• Neal Howard

The Shot List: Gary Weeks

Talent Q & A

Rampage actor and certified Georgia boy, GARY WEEKS, waxes poetic on Dwayne Johnson's unmatched charisma, how not to fanboy while working with Clint Eastwood, and the joys of filming in his home state

OZ: You’re hosting a birthday party tomorrow for one of your young sons. How does fatherhood mesh with one of the most unpredictable professions on the planet?

GW: In our business, in this crazy thing, it is awesome to come home and really realize what’s important. I’m so worried about the dialogue of a given script, then I get home and it’s so small in comparison. I’m not demeaning what we do; I’m just saying that there’s so much effort you put into a project for so long, then you get to do something with your kids, and it’s just so pure and simple and fun.

OZ: How does being a father translate to the set? What can you take from fatherhood and apply in front of the camera?

One thing is there’s a whole different comfort level. My wife and I were living in L.A. and about to have our first child, and a friend of mine, an actor named Cullen Douglas, said, “Dude, you’re gonna become twice the actor you are once you become a father, because you won’t have time to worry about the small things and obsess.”

All of us are insane or we wouldn’t be in this business; we all have a screw loose. Fatherhood has kind of helped me focus on what’s important with my job and make sure that it’s done to the best of my ability, yet I can’t sit there and think about it 24 hours a day.

OZ: A lot of the Georgia-born actors with whom I’ve spoken over the years say they were super excited by the Atlanta film boom, because it gave them an excuse to come back and raise their families here. There’s just something special about the metropolitan South that makes people want to raise kids here.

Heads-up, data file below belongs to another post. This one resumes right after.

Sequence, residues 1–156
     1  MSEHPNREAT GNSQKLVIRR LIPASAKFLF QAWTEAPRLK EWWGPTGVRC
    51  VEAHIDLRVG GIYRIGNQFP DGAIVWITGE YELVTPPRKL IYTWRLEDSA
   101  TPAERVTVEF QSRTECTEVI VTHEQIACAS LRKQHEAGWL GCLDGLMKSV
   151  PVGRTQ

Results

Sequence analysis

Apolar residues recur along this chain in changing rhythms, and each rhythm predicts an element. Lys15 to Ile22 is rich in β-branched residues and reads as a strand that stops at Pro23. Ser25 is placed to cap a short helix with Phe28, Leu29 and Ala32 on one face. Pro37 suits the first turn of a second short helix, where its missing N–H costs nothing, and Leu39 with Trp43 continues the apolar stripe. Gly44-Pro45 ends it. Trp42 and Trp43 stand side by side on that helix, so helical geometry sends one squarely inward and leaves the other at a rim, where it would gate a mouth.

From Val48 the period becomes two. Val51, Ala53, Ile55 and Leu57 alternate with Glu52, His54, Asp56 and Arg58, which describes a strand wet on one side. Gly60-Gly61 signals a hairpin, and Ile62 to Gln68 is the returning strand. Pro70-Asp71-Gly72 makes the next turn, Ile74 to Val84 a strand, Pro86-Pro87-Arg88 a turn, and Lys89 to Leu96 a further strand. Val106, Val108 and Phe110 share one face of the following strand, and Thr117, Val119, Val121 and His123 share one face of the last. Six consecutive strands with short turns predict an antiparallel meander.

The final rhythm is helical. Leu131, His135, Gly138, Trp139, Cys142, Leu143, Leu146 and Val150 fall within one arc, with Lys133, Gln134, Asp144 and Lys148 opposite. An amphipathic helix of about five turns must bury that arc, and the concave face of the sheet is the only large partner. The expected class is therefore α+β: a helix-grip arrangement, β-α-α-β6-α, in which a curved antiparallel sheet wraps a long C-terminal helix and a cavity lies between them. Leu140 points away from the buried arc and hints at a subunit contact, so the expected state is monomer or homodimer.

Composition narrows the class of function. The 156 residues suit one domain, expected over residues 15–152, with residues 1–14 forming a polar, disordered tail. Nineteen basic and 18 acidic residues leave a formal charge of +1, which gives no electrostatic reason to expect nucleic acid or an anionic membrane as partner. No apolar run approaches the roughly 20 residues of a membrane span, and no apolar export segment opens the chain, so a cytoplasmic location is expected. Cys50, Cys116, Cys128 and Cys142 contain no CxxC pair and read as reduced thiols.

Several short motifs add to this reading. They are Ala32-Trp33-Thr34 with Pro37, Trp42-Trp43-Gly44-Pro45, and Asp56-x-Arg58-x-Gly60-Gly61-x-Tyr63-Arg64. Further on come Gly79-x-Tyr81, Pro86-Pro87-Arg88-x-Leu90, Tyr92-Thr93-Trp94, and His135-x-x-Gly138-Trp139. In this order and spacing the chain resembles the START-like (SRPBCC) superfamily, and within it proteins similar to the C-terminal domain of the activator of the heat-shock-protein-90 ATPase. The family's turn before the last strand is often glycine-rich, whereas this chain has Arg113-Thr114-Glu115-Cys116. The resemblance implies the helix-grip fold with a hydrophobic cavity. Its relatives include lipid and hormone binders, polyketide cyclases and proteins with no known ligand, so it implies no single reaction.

It’s true. With our first son, just the logistics of trying to do everything while living in L.A. [was tough] … My mom used to send me clippings—not emails, but physical newspaper clippings—all the time in the mail like, “This is shooting here! This is shooting there!” And I was like, “I’ve got it, Mom, but I have to be in L.A. This is the only place I can work.”

Then I came back to Atlanta and was just like, “Oh, this is better for my family, so let’s see what happens.” I think I came literally right at the perfect time, because the boom had already begun, and I just kind of came into this unbelievable thing that we have now that I cannot be more thankful for. What’s happening in Georgia is a gift.


"What's happening here in Georgia is a gift."


OZ: How exactly does a kid from smalltown Morris, Ga. get into acting?

Well, it’s funny, because I started out as a writer. If I had to put writing and acting side by side, it would depend on the week which one I like more. I love acting and I have this great kinship with it, but I started out as a writer. I wrote stories, I wrote scripts, we shot stuff on VHS— just to do it. There was no aim, it was just something we did for fun.

I ended up going to college to try and be a sports reporter in… Umm… (Struggles to find the correct term)

OZ: In broadcast journalism?

Yep, broadcast journalism. That shows you how far I went: I couldn’t even remember the name of the school. (Laughs)

Then a friend of mine asked—he was doing a student film—and he asked if I would go in and do it. I did it not thinking about it, and for some reason, that time it kind of clicked. I started taking some classes and I immediately knew.

I was like, “I have no other skills. This is the only one that I feel like I actually have some sort of raw ability.” It just felt right.

OZ: Not to get too deep into the weeds on this, but what about it felt right? What was it that “clicked” that day?

The one thing I love and hate about acting at the same time is the emotional release that comes from it. You’ve been bred to bottle all these things up, especially me as a kid who was overweight with flat feet, glasses and braces. I had this built-in insecurity, and the way that I got away from that was joking around. Like, that's just what I do; I still do that.